It's one superstar and then the rest of them at right wing for the Calgary Flames, the presence of Jarome Iginla perhaps enough to make the gaggle behind him superfluous.
On a team with one of the lowest ranked offensive capabilities in the NHL, Iginla stands out by a country mile, a MVP runner-up the year being slowed by injuries last season before a 'WOW' finish where he netted 29 goals in his final 45 games. That closely matched the + 50 goal pace of the previous season and gave rise to hope from his supporters that Iginla isn't a flash in the pan but fully capable of carrying the Flames on his shoulders yet again.
He might have to and will almost certainly have some extra motivation knowing his ample contract expires at the end of the year.
If Iginla is a given, however, the man who could make a huge difference is young Chuck Kobasew, a 2001 first round draft pick who wasn't quite ready last season but managed to generate some impressive numbers in the AHL after his mid-December demotion.
Kobasew does one thing exceptionally well - score goals - and that is a trait missing through much of Calgary's lineup.
At some point the feeling is Kobasew will deliver on his ample promise and become a leading sniper in the Calgary organization. The issue, of course, is whether or not that will occur this year, putting ample pressure on a still inexperienced young man barely scratching his 21st birthday.
One thing is certain, however, the second line right wing job behind Iginla is Kobasew's to lose, GM and Coach Darryl Sutter making it clear the young players in the organization will get their chance to shine.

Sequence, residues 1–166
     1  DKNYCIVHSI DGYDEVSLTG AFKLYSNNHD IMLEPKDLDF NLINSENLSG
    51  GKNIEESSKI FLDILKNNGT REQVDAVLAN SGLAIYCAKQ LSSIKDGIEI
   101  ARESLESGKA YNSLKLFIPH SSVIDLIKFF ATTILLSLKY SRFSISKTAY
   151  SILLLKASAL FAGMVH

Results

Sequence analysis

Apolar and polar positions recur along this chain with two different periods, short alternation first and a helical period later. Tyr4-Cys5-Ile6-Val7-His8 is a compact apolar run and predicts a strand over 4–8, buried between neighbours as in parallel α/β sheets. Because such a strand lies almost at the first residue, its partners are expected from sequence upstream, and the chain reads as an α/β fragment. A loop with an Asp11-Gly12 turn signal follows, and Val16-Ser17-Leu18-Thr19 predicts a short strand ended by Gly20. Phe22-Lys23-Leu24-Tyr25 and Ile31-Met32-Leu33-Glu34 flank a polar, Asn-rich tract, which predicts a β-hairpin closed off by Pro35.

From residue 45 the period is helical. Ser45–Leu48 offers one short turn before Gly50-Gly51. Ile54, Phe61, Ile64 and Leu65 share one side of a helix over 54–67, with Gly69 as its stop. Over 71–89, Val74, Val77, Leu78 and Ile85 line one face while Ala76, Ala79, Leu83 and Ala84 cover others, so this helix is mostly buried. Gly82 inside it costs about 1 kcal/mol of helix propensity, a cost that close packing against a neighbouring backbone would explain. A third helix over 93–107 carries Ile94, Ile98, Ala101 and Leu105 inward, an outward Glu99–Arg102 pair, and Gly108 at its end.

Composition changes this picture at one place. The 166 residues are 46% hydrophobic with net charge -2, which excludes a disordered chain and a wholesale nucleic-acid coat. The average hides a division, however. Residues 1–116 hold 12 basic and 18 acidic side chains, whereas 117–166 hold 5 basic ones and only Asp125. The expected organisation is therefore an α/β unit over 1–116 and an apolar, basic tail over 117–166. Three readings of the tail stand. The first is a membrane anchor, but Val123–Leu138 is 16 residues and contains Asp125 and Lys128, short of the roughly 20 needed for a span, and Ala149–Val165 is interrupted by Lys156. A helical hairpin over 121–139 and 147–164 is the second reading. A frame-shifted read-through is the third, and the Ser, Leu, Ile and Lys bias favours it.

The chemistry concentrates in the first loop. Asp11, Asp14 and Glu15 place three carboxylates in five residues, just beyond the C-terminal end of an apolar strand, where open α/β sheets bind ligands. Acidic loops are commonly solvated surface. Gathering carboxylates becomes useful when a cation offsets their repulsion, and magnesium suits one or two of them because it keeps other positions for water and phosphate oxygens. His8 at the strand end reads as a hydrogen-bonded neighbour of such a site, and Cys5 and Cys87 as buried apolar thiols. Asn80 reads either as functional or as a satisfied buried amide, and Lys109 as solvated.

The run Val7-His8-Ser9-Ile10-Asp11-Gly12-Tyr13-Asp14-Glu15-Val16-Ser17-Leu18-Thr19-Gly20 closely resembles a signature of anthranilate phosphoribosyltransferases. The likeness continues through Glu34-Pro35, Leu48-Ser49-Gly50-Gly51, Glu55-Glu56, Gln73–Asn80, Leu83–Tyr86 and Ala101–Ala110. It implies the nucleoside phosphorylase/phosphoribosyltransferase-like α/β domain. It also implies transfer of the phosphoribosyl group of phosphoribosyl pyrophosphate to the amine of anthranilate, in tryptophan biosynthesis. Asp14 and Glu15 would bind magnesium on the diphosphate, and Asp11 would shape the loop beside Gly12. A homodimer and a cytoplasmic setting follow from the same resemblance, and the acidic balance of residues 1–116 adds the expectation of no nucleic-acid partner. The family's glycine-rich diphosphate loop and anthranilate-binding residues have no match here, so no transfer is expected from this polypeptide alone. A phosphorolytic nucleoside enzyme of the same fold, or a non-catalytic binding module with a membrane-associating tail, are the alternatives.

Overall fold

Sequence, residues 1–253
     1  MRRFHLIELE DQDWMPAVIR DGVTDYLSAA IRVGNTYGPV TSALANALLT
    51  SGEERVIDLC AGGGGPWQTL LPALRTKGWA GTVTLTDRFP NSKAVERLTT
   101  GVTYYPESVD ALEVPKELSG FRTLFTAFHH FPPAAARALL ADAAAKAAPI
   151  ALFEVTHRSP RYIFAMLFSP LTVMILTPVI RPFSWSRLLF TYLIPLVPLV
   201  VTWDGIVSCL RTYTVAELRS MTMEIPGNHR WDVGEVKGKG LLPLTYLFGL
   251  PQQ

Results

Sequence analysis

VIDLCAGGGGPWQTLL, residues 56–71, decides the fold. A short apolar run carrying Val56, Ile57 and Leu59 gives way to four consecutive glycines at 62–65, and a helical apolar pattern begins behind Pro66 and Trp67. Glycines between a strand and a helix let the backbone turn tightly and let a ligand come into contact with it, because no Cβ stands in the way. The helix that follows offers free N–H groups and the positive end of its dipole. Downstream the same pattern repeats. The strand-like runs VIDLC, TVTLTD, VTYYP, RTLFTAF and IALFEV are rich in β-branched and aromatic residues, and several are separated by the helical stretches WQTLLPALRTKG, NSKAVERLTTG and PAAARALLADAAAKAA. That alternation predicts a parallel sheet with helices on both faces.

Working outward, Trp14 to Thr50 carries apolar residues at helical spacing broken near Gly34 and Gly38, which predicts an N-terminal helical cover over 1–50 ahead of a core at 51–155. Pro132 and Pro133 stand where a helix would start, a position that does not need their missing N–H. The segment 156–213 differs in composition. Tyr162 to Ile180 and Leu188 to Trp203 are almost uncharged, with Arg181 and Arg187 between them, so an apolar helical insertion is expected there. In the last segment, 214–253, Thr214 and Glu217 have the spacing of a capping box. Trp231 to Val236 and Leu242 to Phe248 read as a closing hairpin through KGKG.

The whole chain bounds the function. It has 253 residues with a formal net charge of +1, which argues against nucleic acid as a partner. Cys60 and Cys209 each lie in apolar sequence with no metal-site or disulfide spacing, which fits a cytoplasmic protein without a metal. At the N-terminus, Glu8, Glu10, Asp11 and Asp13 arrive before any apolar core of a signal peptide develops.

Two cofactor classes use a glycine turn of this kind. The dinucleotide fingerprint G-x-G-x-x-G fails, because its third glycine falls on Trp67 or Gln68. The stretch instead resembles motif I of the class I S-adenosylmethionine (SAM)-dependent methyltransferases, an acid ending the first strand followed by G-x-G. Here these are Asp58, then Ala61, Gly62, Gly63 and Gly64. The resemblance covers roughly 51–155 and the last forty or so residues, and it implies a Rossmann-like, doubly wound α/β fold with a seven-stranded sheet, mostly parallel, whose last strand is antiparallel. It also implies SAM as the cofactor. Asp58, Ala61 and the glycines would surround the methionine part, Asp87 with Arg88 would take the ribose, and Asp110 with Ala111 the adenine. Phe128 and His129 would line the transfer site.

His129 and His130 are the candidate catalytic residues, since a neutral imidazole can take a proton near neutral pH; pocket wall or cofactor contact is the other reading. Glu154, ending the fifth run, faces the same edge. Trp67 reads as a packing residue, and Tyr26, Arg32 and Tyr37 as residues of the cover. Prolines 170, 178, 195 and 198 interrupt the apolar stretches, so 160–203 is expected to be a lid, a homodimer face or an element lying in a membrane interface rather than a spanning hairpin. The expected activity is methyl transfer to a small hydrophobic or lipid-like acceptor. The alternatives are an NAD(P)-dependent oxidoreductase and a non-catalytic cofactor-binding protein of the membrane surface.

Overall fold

Kobasew has scored at every level he's ever played. There's only one level left and the Flames need him now.
The much-maligned Chris Clark will likely flip/flop with Shean Donovan and perhaps newcomer Matt Davidson in the third and fourth spots.
More might have been expected earlier in his career but, at age 27, Clark seems to have found his level, a perennial 10 to 12 goal man with speed and some toughness, a prototypical third or fourth liner who struggles with consistency and might have been forced into a part-time roll on a better team or certainly one with more depth than Calgary.
The one thing Clark has on Donovan is better hands, the latter so limited in his ability to put the puck in the net that "defensive specialist" seems to be a sobriquet deliberately invented for his personage alone. Donovan has played in five organizations in 10 seasons but does seem a great fit on the fourth line in Calgary and as an occasional sub in other places through the lineup when required. One of the fastest skaters in the NHL, it might be fair to say Donovan's primary value to this team will come in the role of a penalty killer.
The above four are likely the principle people patrolling the right side in the coming season with newcomer Matt Davidson the intermittent substitute, the guy Sutter will use to threaten Clark and Donovan's ice time in moments when the latter fall into their characteristic mid-season funks.
The trimmed down farm system offers little hope of significant help - Kobasew was "it" - with 22 year-old Garrett Bembridge the only reasonable call-up in a dire five alarm emergency.
Make no mistake, the "B" grade is about 75% Iginla with Kobasew making up most of the rest. Injuries will likely be the only thing to hold Iginla back this year while Kobasew's age and relative inexperience might still limit him. From Kobasew, the team would be well satisfied with anything north of 15 goals and a solid two-way effort on a nightly basis. Clark is a serviceable career third or fourth liner, albeit prone to long stretches where he could use a little competition to get his juices flowing. Donovan probably isn't the guy to make Clark worried but Davidson might be. All three are as fast as lightning which should make the race for jobs all the more interesting. If Kobasew can contribute, this could be one of the positions of significant strength for a team trying to erase a seven-year playoff drought.